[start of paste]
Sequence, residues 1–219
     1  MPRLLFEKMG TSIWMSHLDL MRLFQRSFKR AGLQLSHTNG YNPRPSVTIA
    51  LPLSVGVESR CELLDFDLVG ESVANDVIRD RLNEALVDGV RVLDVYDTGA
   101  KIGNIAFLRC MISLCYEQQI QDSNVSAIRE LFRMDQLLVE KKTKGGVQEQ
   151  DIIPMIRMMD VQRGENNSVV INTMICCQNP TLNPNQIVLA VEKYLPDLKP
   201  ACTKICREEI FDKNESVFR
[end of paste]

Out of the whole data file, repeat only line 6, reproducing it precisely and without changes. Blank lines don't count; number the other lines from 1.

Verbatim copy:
   201  ACTKICREEI FDKNESVFR